Finding Spiritual Peace After The Death of a Child
(Reflection - April 2002)

Just as “darkness came over the whole land until the ninth hour, for the sun stopped shining” (Luke 23:44,45) when God’s only begotten son died, so does this occur when one loses a child. We come face to face with one of darkest hours known to any human.

Losing a child goes against the natural order of life. A child’s death violates an implicit generational contract, that our own children will survive us. Most experts believe that losing a child is one of the greatest tests any human can face. A child’s death is off the charts in this category.

A child’s death is unlike any other relationship that is lost. Your child’s relationship began with you at conception. Carrying the child for nine months in the womb, feeling the first flutter of life, hearing the heart beats at doctors appointments. Giving birth is the beginning of a bonded relationship that is supposed to outlive the parents. They are our future. They have our hopes, dreams, and prayers for a future that will lead them to the Kingdom one day. The child you have loved and cared for has died. He or she will never again be physically present in this life.

No matter what the world has to offer as one attempts to cope with this devastating loss, whether it be the finest of counselors, psychologist, medical care, support groups, or research on the topic of what caused your child’s death, nothing compares to the comfort found in the Word of God, prayer and coming to terms with your faith. “Thou will keep him in perfect peace, whose mind is stayed on thee” (Isa.26:3).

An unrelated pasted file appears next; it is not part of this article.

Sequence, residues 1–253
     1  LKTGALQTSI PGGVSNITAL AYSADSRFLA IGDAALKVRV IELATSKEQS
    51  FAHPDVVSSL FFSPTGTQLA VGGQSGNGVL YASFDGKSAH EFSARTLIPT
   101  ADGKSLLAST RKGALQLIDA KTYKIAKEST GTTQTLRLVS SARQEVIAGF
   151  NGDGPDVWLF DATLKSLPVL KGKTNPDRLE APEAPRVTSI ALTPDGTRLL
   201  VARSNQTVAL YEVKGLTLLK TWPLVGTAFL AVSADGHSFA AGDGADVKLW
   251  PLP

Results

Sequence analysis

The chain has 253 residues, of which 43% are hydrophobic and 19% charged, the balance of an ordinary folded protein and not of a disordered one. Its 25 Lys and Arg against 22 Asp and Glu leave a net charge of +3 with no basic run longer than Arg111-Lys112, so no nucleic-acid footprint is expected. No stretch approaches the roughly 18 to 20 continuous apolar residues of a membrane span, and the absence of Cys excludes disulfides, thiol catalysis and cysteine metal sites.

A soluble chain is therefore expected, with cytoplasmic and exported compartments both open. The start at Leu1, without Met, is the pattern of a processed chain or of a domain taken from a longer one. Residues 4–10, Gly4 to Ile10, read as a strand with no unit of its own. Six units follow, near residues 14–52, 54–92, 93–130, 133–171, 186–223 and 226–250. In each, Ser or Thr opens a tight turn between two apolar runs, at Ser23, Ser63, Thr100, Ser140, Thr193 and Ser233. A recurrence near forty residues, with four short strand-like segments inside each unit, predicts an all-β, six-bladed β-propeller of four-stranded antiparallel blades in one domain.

When my child died, I tried researching the topic of his death only to find myself feeling worse and desperate. I learned when death strikes unexpectedly, we long for a reason, an explanation, but often there is none. In desperation we try to make some sense of it, but often there are simply no pat answers, no ready conclusions. After trying this avenue first, eventually within a few months, coming out of my zombie-like state, my true source of comfort came from the Word of God. (Matt. 5:4).

Many of the realizations I write of took months to come to grips with after prayerful meditation on the Word of God and talking with other brothers and sisters. A normal grief reaction can be anger. I was angry with God for less than 48 hours realizing that He is a merciful Heavenly Father and “that all things work together for good to them that love God” (Rom. 8:28). Knowing that it would be easy to become ill from the stress of not dealing with this tremendous loss in a spiritual manner, much time was spent in prayer pouring my heart out to God in anguish and despair and asking for guidance and direction in correct thought (Psa. 142) I concluded, who am I to question God? Rather than seeking answers to the why’s and wherefores, I had to put that kind of thinking aside. Attending Bible School four months after my child’s death affirmed the fact that seeking spiritual peace was where I would find true comfort and peace of mind (Phil. 4:6,7).